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TicTac

Culinary Creativity borne of Celiac or other dietary restrictions

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Posted (edited)

Often (at least in my house) the old adage 'necessity is the mother of all invention' rears it's head and presents opportunities to create!

 

Lately I have been thinking far more out of the box with the recent Celiac diagnosis of my 3 y/o son.  I have always loved cooking and creating, but given newly imposed restrictions, the need to be creative has multiplied!

 

I thought this might be a nice thread to share things we create (which we have perhaps not heard of elsewhere) either intentionally, or not!

 

I will offer last night's innovation:

 

Lately I have enjoyed creating zucchini purees (an extremely healthy and often overlooked veg) - essentially searing diced zucchini, typically with onions and garlic and some other flavour profile (have done Indian, Thai, Italian iterations, to name a few).  Last night's was the leftovers of an Italian/Japanese fusion iteration with the combination of garlic/onion/tomato puree and I used a fresh made Dashi as the braising liquid.  Everything was reduced and the contents pureed, consumed as is (great way to get veggies into kids!).  The smokeyness from the Dashi really worked nicely.

 

Last night a bowl of said puree was leftover and I was in a creative mood and got to tinkering!

 

In went some soft goat cheese, a bit of S&P and some Gluten Free flour (regular flour would certainly suffice).  Some butter in a pan on med-high heat and my newly minted 'zucchini goat cheese pancakes' were born.  The texture was fantastic, flavour was excellent (the additional caramelization of the tomato paste and goat cheese worked really well) and before I knew it they were all gone with my 3 y/o asking 'Daddy, you make more of these!?'

 

A keeper concept/recipe for sure.  I bet a number of other veggies would work really well in this application - creating a very healthy (and fun to eat) side offering.

 

 

 

 


Edited by Smithy Adjusted title for clarity (log)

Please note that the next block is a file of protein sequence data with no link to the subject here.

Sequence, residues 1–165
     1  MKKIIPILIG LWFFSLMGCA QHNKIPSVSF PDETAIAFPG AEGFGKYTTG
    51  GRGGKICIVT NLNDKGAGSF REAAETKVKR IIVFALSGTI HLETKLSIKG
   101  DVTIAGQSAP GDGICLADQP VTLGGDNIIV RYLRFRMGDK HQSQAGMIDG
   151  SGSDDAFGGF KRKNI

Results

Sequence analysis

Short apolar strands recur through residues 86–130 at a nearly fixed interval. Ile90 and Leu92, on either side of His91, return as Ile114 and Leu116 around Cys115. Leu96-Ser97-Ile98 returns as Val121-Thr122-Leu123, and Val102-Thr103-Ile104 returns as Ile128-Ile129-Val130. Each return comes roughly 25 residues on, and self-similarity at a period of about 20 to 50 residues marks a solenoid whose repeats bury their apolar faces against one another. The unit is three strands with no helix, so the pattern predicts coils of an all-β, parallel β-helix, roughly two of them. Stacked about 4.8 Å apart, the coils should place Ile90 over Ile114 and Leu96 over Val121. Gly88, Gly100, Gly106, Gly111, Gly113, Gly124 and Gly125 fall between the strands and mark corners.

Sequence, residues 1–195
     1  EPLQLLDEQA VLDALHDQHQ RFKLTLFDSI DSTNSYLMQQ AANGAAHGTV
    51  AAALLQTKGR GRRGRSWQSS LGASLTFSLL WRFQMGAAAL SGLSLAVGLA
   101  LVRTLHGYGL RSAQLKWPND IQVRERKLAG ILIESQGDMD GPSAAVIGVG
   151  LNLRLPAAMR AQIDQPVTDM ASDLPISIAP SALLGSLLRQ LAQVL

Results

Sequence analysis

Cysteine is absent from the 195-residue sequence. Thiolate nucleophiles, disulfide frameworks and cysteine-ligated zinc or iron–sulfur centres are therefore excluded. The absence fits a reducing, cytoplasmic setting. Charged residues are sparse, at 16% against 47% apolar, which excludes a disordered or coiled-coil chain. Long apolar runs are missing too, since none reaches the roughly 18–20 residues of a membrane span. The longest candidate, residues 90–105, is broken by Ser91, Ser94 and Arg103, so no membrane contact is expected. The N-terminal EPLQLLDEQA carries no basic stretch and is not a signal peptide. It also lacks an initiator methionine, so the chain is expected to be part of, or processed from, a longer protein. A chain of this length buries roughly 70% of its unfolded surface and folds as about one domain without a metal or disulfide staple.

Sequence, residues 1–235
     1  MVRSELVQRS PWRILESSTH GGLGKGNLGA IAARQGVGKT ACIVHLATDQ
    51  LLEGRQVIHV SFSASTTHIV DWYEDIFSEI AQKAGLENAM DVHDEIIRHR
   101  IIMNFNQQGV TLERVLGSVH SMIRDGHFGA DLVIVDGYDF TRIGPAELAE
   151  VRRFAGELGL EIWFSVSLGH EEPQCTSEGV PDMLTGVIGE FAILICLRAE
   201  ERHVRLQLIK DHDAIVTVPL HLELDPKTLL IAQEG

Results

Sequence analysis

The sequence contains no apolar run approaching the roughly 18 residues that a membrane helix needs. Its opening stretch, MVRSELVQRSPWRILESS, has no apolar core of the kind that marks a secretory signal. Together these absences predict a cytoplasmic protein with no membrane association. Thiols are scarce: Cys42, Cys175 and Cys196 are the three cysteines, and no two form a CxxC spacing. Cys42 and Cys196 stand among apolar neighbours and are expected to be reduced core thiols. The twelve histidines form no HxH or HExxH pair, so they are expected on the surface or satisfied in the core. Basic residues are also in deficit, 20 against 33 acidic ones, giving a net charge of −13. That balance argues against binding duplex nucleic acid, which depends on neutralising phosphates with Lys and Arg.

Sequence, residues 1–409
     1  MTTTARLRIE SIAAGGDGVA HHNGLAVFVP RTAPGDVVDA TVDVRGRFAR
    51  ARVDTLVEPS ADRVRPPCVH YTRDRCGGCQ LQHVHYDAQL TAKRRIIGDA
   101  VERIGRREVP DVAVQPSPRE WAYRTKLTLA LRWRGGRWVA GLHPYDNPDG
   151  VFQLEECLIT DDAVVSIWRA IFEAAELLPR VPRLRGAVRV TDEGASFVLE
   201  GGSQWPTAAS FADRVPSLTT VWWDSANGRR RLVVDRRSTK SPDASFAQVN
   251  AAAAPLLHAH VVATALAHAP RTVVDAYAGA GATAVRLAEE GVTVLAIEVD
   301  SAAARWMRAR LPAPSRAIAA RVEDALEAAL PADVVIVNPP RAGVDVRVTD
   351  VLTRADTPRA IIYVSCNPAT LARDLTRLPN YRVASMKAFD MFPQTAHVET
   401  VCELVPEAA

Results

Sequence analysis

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On 3/15/2019 at 9:20 AM, TicTac said:

Often (at least in my house) the old adage 'necessity is the mother of all invention' rears it's head and presents opportunities to create!

 

Lately I have been thinking far more out of the box with the recent Celiac diagnosis of my 3 y/o son.  I have always loved cooking and creating, but given newly imposed restrictions, the need to be creative has multiplied!

 

I thought this might be a nice thread to share things we create (which we have perhaps not heard of elsewhere) either intentionally, or not!

 

I will offer last night's innovation:

 

Lately I have enjoyed creating zucchini purees (an extremely healthy and often overlooked veg) - essentially searing diced zucchini, typically with onions and garlic and some other flavour profile (have done Indian, Thai, Italian iterations, to name a few).  Last night's was the leftovers of an Italian/Japanese fusion iteration with the combination of garlic/onion/tomato puree and I used a fresh made Dashi as the braising liquid.  Everything was reduced and the contents pureed, consumed as is (great way to get veggies into kids!).  The smokeyness from the Dashi really worked nicely.

 

Last night a bowl of said puree was leftover and I was in a creative mood and got to tinkering!

 

In went some soft goat cheese, a bit of S&P and some Gluten Free flour (regular flour would certainly suffice).  Some butter in a pan on med-high heat and my newly minted 'zucchini goat cheese pancakes' were born.  The texture was fantastic, flavour was excellent (the additional caramelization of the tomato paste and goat cheese worked really well) and before I knew it they were all gone with my 3 y/o asking 'Daddy, you make more of these!?'

 

A keeper concept/recipe for sure.  I bet a number of other veggies would work really well in this application - creating a very healthy (and fun to eat) side offering.

 

 

 

 

 

Hi TicTac - I’m so sorry to hear of your son’s diagnosis 😞 but I’m glad you were able to catch it early—that is a blessing.

 

The zucchini puree sounds great - don’t forget about butternut squash and also pumpkin 🙂 Sweet potatoes ... pumpkin pancakes would be great!? .. sweet potatoes - wait ... does this mean he gets all the sweet potato pie he wants?! 😉

 

Have you learned of Coconut Aminos, yet? (not all are the same- be sure to check out Coconut Secret Coconut Aminos - they have a few diff sauces and products - sauces do not taste like coconut - don’t know about other products). 

 

Does he have any food intolerances along with his celiacs (very common for that to happen)?

 

Almond flour is great - also coconut flour (can be a little dry) - liberal use of bananas - Coconut Aminos works well in many applications (kind of a soy sauce replacement but tons less sodium / definitely worth a try - they have 3 varieties ) ... crushed rice Chex is a reliable breading (sound weird, but it works and it’s reliably GF -esp if you’re low tolerance gluten) ...